Ms. Cornelio-Pronove said the increase in the number of nonresidential projects was due to the government’s push for food sufficiency, which affected the value of agricultural buildings; the increase in household consumption spending; and higher tourism arrivals.

“[T]he government is strongly pushing for farmers and businesses in the agriculture sector to improve facilities [in order to] boost the harvest of rice, banana, and other products,” she said.

Commenting on commercial establishments, Ms. Cornelio-Pronove said that the increase was most apparent in the retail market with more small-to-medium sized enterprises cropping up.

“The Philippines’ consumerism is among the most active in Asia at an estimated 60% of the 105 million population capable of buying basic to lifestyle goods,” she said.

Meanwhile, Michael L. Ricafort, economist at Rizal Commercial Banking Corp., noted the increase in infrastructure projects from more foreign direct investments and offshore gaming outsourcing companies that led to the pickup in manufacturing activities and increased demand for office space.

“Some commercial/retail/mall/office space developers have also expanded in fast-growing cities/localities outside Metro Manila,” he added.

The data “may reflect the sharp increase in residential condominium projects in recent years that led to some glut/oversupply in the middle market. As a result, some developers have adjusted downwards the new upcoming supply,” Mr. Ricafort said.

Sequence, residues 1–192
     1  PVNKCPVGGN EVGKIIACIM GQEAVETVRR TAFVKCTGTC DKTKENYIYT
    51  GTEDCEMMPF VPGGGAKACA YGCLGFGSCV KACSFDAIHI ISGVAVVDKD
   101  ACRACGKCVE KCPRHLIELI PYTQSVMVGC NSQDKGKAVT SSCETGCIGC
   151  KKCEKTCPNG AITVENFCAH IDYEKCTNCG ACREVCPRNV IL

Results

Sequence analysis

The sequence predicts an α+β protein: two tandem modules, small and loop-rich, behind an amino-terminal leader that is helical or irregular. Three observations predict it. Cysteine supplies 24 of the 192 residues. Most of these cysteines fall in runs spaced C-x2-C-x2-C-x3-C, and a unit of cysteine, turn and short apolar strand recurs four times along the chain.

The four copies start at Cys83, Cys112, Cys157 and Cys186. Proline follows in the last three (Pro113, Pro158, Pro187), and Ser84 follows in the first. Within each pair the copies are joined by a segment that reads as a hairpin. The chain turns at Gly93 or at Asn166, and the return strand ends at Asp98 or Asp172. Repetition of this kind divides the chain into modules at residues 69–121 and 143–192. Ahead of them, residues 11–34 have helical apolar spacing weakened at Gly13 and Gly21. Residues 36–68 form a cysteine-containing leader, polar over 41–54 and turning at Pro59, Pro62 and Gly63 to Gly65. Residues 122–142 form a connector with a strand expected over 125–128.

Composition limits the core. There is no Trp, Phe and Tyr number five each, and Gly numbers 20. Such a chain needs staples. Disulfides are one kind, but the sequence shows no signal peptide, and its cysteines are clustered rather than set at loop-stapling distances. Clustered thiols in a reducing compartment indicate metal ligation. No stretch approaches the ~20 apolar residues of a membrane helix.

“Limited land for residential development in Metro Manila may also be a factor. Some of the expansion for residential projects have been outside Metro Manila. Higher interest rates in recent months may have also dampened demand for financing for both residential developers and end-users,” he said.

Sharon Joy Roset-Saclolo, associate director of Jones Lang LaSalle (Philippines), Inc.’s (JLL) Research, Consulting and Valuation Advisory Services, said: “The increase in nonresidential construction permits may be attributed to the shift in the strategy of real estate developers to focus on long-term assets with recurring income.”

Going forward, the analysts were optimistic in the coming quarters.

“The construction market is seen to benefit from the government increased funding on the development of railways, airports, seaports, roads and bridges across the country. These public [infrastructure] projects would then spill over to the construction of buildings or structures led by the private sector or individuals as key cities and municipalities would benefit from the infrastructure developments,” Ms. Cornelio-Pronove said.

For her part, JLL’s Ms. Roset-Saclolo said: “The growth rate of construction projects from 2017 to 2018 is expected to be stable since there is continuing interest from both boutique and major developers to invest in real estate, especially in commercial assets.”

UnionBank’s Mr. Asuncion shared the same assessment, “With the economy expected to grow further, I expect construction activity to increase even more.”

“With the government’s plan of fiscal expansion and increasing infrastructure development, I see a faster pace of growth for nonresidential construction related to commercial, industrial and institutional building-types over residential construction, that I think will also post a fast growth trajectory concentrated more outside of the usual centers,” he said.